The concept of TGfU was surprising to me – not because it was counter-intuitive, but because I felt that it was common sense! Play is something that comes naturally to children – it allows them to explore, to test their abilities, and to use their imagination. Children learn naturally through the process of play.
When Steve gave us the example of TGfU at the end of class, our group noticed something when we were playing the very first simple game (passing the ball to get it to the other side). We got bored fairly quickly, and started to wonder if we would be progressing to the next game anytime soon. By the time we got to the third game (trying to knock down the pin), it was complex enough to keep us excited and engaged. This made me think of what the situation would be like if it were applied to elementary aged children. From what I have observed in children, when they get bored they will invent new activities to entertain themselves. They practice problem solving skills without any prompts from their teachers!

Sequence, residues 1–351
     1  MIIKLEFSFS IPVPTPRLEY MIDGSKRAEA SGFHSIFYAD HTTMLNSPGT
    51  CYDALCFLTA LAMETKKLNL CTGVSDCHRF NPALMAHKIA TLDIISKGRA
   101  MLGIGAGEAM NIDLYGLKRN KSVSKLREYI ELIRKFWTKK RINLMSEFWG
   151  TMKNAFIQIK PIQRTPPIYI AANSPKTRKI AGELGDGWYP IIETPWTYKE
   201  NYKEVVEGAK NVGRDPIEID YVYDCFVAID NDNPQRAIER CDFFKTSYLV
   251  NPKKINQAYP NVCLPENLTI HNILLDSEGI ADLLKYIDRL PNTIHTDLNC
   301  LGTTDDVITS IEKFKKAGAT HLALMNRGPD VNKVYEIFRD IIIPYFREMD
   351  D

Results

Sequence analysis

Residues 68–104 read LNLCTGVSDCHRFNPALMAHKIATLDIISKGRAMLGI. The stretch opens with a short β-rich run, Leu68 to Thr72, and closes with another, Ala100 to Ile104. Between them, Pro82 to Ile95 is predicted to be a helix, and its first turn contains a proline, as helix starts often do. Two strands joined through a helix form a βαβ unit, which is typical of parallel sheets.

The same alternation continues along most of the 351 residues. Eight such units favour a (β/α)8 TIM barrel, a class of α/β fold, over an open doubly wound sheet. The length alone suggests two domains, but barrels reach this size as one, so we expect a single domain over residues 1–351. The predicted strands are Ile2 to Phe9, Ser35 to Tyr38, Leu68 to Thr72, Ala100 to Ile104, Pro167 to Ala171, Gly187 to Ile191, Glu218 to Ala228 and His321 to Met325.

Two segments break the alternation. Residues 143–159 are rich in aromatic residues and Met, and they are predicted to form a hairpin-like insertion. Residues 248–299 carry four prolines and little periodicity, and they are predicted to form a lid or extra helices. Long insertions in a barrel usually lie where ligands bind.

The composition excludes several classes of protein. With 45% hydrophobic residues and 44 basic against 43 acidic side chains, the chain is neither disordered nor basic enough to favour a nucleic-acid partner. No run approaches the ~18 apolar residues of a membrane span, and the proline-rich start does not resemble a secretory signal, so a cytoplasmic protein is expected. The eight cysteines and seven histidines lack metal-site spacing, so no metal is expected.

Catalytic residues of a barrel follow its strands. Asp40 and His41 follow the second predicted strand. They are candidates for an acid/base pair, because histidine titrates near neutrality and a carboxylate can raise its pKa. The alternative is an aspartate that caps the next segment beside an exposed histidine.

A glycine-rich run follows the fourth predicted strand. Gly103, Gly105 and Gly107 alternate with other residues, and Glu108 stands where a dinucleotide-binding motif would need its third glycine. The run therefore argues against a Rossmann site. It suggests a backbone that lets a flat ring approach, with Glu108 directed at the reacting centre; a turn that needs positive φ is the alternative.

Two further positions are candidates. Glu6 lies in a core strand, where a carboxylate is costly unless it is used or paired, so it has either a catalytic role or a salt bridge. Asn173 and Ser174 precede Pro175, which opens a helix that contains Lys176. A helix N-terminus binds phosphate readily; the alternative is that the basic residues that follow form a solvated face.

TGfU ties in neatly with some of the IB principles. By starting with simple games and slowly progressing to increasingly complex games, students learn through scaffolding and critical thinking. Through each step of progression, students build on pre-existing knowledge and think critically about how to make the current game more fun and exciting. By adopting the concept of TGfU in teaching PE, we can encourage and motivate students to take initiative and ask critical questions to build on their own learning.